- COUNTRY OF ORIGIN: United States
- YEAR RECOGNIZED: 1972
- USES: Fur, meat
- WEIGHT: 11 pounds (5 kg) max., senior does
- BODY TYPE: Commercial
- FUR TYPE: ARBA Commercial Normal Fur Standard
- COLOR: Rust or cinnamon with gray ticking; smoke gray midway on side and darker on belly
THE LARGE CINNAMON RABBIT is aptly named, as its cinnamon or russet color, dusted with gray and set off by dark ears, muzzle, and paws, distinguishes it from about a dozen other breeds of similar size and shape. Good-natured pet and show animals, Cinnamons are uncommon but are available across the country.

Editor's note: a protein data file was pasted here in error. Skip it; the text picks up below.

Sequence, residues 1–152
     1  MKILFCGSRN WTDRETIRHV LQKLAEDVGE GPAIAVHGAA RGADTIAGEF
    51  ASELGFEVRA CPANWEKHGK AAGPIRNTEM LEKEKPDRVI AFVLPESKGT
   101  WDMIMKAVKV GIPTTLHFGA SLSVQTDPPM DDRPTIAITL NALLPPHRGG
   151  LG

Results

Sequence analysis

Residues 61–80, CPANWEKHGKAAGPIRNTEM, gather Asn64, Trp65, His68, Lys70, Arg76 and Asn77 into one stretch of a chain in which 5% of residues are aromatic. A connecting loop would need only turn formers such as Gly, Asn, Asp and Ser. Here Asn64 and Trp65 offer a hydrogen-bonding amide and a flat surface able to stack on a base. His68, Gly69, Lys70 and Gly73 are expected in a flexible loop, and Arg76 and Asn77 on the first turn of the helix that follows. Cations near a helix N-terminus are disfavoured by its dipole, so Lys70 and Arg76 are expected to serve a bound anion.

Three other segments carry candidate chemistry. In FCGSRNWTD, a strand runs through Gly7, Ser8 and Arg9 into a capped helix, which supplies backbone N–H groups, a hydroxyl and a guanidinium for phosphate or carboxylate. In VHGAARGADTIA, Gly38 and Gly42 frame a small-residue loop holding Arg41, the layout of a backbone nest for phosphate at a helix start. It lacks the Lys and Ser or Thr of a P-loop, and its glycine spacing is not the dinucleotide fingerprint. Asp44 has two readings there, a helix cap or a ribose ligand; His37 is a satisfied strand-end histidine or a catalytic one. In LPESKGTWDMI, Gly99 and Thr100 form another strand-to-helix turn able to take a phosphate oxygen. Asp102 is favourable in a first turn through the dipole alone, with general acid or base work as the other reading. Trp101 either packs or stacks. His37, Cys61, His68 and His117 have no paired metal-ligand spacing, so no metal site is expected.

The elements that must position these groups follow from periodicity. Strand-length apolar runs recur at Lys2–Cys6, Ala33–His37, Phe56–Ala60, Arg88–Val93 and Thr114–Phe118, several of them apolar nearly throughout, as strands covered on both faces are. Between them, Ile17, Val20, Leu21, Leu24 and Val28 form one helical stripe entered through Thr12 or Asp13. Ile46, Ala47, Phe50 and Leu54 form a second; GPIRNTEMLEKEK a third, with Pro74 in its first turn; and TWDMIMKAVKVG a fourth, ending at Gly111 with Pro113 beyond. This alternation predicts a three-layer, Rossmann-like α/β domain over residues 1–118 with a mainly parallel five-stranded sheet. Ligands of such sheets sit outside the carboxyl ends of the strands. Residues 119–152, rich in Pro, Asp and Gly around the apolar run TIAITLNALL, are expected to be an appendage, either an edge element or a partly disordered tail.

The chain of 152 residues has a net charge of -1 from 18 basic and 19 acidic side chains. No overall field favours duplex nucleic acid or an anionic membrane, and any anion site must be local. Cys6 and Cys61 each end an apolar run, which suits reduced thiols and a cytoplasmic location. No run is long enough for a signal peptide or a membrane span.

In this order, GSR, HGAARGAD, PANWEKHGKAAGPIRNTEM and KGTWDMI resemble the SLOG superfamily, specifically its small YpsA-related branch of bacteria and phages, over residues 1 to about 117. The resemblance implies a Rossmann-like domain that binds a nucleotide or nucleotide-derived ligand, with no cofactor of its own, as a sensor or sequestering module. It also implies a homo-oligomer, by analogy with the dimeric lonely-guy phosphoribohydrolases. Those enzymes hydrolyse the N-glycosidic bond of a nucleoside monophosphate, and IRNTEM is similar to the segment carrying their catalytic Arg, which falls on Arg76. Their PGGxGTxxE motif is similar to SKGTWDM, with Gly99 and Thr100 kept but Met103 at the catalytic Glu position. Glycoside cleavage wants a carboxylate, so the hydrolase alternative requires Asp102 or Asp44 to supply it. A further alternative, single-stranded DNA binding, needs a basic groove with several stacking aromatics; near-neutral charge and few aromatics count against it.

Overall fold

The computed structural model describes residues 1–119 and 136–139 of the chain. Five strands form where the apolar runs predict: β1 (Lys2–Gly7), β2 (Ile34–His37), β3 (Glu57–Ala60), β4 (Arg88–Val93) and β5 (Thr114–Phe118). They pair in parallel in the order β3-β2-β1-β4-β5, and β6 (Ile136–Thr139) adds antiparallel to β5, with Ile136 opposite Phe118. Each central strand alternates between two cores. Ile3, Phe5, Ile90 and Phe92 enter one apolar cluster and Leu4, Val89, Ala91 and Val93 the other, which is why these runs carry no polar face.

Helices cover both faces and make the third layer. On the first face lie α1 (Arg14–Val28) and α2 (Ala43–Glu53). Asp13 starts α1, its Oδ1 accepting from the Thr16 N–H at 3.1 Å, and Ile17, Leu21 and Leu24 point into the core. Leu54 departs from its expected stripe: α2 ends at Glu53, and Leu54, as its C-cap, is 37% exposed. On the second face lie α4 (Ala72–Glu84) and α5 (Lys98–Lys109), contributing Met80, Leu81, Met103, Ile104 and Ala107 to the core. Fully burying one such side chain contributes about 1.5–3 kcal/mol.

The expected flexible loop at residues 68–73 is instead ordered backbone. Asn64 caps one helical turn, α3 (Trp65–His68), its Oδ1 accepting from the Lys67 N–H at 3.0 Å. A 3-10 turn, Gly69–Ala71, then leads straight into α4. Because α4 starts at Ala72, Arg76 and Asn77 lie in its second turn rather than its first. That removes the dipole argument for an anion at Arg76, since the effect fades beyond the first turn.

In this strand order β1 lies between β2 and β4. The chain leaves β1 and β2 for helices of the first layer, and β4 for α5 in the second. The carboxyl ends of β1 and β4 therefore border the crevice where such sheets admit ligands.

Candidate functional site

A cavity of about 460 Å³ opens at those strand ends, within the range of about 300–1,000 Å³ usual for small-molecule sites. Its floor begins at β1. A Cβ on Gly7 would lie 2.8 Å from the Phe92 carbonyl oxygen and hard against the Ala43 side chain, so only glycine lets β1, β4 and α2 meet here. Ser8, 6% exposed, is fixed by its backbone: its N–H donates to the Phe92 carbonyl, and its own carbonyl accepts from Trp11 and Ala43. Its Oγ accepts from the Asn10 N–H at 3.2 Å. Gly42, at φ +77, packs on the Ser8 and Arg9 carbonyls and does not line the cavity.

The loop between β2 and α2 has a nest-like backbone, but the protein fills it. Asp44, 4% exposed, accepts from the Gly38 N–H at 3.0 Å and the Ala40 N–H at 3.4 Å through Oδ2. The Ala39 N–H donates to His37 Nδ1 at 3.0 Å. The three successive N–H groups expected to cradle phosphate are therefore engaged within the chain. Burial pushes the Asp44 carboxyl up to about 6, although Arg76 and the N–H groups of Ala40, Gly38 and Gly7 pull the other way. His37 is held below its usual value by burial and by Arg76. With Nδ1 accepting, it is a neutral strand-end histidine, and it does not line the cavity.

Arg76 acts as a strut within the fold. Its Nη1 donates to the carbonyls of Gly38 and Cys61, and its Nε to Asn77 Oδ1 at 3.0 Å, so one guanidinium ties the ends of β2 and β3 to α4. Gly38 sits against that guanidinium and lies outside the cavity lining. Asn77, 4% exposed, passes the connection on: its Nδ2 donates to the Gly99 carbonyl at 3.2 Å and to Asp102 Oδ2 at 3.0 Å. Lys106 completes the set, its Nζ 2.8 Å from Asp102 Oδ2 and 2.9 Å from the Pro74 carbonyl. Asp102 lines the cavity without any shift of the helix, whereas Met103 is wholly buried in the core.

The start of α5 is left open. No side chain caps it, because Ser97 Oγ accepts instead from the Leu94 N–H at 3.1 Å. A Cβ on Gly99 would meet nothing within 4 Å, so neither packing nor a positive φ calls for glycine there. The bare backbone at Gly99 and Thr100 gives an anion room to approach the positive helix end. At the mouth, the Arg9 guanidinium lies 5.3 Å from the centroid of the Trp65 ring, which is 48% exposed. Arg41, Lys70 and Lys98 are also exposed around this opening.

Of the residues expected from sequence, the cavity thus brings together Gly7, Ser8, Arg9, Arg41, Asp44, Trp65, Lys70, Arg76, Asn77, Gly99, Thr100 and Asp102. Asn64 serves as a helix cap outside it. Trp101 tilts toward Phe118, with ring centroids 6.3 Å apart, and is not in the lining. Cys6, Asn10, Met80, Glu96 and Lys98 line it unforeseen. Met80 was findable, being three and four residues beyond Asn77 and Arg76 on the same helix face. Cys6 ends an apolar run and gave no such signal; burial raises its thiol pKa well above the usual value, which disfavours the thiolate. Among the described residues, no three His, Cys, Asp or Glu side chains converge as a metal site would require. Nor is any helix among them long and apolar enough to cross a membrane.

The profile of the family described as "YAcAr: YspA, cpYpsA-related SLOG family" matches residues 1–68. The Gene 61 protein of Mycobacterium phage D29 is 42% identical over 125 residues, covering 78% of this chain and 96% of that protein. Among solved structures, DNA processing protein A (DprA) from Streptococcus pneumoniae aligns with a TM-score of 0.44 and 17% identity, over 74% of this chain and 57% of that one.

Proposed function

The evolution of the Cinnamon breed began entirely by accident in Missoula, Montana, when a New Zealand white buck mated with a Chinchilla doe in 1962. The owner, Ellis Houseman, wanted the crossbred rabbits for stew, but young Belle Houseman prevailed on her father to keep one of the bucks for a pet. During a subsequent 4-H project, Belle and her brother Fred crossed their pet with a crossbred Checkered Giant/Californian doe. An attractive russet-colored kit appeared in the litter.
More litters produced more cinnamon-colored kits, and when these additional same-colored rabbits were mated, they produced mostly russet kits. Now intrigued, the elder Houseman became enthusiastic about the cinnamon color and the sheen on the short coat.
Ten years after the breed’s unplanned beginning, the Cinnamon Rabbit
was accepted by the ARBA as a distinct breed.